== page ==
Food industry professionals categorize meats by class (e.g. bird or mammal) and color. For the latter, so-called “red” meat receives that designation from its high myoglobin concentrations. This iron- and oxygen-binding protein persists in muscle tissues used for extended activities and derives its red color from its iron content.
Flightless birds like ostriches, emus, and rheas — collectively referred to as ratites — are more complex to classify. This poultry source presents beef-like pH and the red appearance associated with high myoglobin levels.1 However, it also bears low fat and low cholesterol levels usually associated with white meat.
Ostrich meat in particular is currently trending as an emerging food product presented as suitable for health conscious consumers or foodies with adventurous palates. The most notable nutritional features include fat content, fatty acid profile, fat-to-protein ratio, sodium content, and iron content.2
Generally, 1.6% for ostrich meat, 3.8% for turkey,and 4.5% for beef.3
When assessed in grams of fat per 100 grams cooked lean meat: 2.8 g fat for ostrich composite, 5.0 g fat for whole chicken, 7.4 g fat for whole turkey, and 9.3g fat for beef composite.3
Fatty Acid Profile
Similar fatty acid composition for ostrich, turkey, and beef3
Ground ostrich contained 2.84 g saturated fat (per 100 g of meat) compared with 4.335 g for beef.4
Fat to Protein Ratio
0.07 for ostrich, 0.18 for turkey, and 0.22 for beef3
When assessed in mg sodium per 100 g of edible meat, 43 mg sodium for ostrich, 63 mg sodium for beef, and 77 mg sodium for chicken.5, 6
Specific to cooked lean meat, ostrich contained 3.2 mg iron compared with 1.2 mg iron for chicken, 1.8 mg iron for turkey, and 3.0 mg iron for beef.7
Ground ostrich meat contains 5.9 mg iron compared with 4.1 mg iron for ground beef.4
The USDA extended mandatory inspections to ratite producers in 2002, including requiring Hazard Analysis and Critical Control Point (HACCP) systems and sanitation standard operating procedures consistent with poultry regulations. When it comes to food safety precautions, ratite producers can rely on microbiology testing products designed for avian sources, particularly poultry laboratory solutions. These include streamlined detection workflows for foodborne pathogens like Salmonella, Campylobacter, Listeria, and E. coli O157:H7. Since approximately 60% of the 12,000 to 15,000 tons of ostrich meat produced worldwide is sourced in South Africa,2 rendering it a non-local food product for many communities, protocols for sourcing and species validation may also be worthwhile pursuits for producers.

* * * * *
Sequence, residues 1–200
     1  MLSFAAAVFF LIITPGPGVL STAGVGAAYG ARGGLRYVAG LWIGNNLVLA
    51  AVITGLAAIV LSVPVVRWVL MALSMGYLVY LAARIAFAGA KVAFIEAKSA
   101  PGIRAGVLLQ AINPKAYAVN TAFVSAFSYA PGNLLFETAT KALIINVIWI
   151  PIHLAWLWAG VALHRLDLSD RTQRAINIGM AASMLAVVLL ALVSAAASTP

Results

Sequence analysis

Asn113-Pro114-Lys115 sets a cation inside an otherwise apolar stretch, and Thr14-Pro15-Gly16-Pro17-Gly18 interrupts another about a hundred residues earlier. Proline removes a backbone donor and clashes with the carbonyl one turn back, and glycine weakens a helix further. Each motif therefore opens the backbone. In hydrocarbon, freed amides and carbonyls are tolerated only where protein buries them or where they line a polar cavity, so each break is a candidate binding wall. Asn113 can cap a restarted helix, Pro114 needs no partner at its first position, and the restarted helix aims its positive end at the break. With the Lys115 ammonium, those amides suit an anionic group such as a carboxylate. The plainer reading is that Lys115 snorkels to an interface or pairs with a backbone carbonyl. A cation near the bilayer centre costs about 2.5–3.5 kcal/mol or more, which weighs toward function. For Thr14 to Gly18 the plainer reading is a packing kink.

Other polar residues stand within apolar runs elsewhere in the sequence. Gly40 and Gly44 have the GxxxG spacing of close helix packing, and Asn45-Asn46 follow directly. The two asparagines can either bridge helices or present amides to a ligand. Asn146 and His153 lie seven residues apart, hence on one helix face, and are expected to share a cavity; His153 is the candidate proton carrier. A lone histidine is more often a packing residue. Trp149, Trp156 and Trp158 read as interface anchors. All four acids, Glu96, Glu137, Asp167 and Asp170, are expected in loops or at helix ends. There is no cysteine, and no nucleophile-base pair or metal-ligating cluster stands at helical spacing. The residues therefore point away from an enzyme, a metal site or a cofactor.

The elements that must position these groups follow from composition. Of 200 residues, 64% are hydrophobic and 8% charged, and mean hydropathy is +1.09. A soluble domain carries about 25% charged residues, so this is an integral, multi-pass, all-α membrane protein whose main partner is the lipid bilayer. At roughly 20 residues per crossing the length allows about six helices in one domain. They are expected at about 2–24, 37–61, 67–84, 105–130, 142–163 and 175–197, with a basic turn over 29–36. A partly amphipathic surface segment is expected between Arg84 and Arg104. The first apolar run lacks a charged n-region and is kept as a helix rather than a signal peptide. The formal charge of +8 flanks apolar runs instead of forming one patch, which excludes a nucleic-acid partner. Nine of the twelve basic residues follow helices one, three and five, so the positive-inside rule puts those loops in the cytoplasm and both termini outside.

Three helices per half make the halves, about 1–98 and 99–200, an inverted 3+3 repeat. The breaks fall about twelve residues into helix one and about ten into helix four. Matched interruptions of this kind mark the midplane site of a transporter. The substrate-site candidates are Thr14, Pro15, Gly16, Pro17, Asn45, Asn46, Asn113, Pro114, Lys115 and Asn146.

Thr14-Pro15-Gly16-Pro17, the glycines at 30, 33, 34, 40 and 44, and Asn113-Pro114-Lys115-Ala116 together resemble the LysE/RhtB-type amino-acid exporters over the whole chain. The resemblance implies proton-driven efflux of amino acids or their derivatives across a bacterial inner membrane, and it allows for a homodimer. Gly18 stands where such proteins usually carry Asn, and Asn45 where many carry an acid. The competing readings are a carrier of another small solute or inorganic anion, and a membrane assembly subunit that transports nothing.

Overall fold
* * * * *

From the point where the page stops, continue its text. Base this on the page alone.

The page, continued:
Learn about this and other topics related to food safety and quality testing in our food and beverage community.
1 USDA Food Safety and Inspection Service (2013) ‘Food Safety Fact Sheet: Ratites.’ http://www.fsis.usda.gov/wps/portal/fsis/topics/food-safety-education/get-answers/food-safety-fact-sheets/poultry-preparation/ratites-emu-ostrich-and-rhea/ct_index
2 Al-Khalifa, H. and Al-Naser, A. (2014) ‘Ostrich meat: Production, quality parameters, and nutritional comparison to other types of meats.’ The Journal of Applied Poultry Research 23 (4): 784-790.doi: 10.3382/japr.2014-00962
3 Paleari, M. A. et al. (1998) ‘Ostrich meat: Physio-chemical characteristics and comparison with turkey and bovine meat.’ Meat Science 48:205-210.
4 Walter, J. M. et al. (2000) ‘ Ground ostrich: A comparison with ground beef.’ Journal of the American Dietetic Association 100:244-245.
5 Sales, J. (1998) ‘ Fatty acid composition and cholesterol content of different ostrich muscles.’ Meat Science 49:489-492.
6 Cooper, R. G. (1999) ‘Ostrich meat, an important product of the ostrich industry: A Southern African perspective. ‘ World’s Poultry Science Journal 55:389-402.
7 United States Department of Agriculture (USDA). (1975) Handbook No. 8. Nutritional Composition of Foods: Raw, Processed, Prepared. Washington, DC: United State Government Printing Office.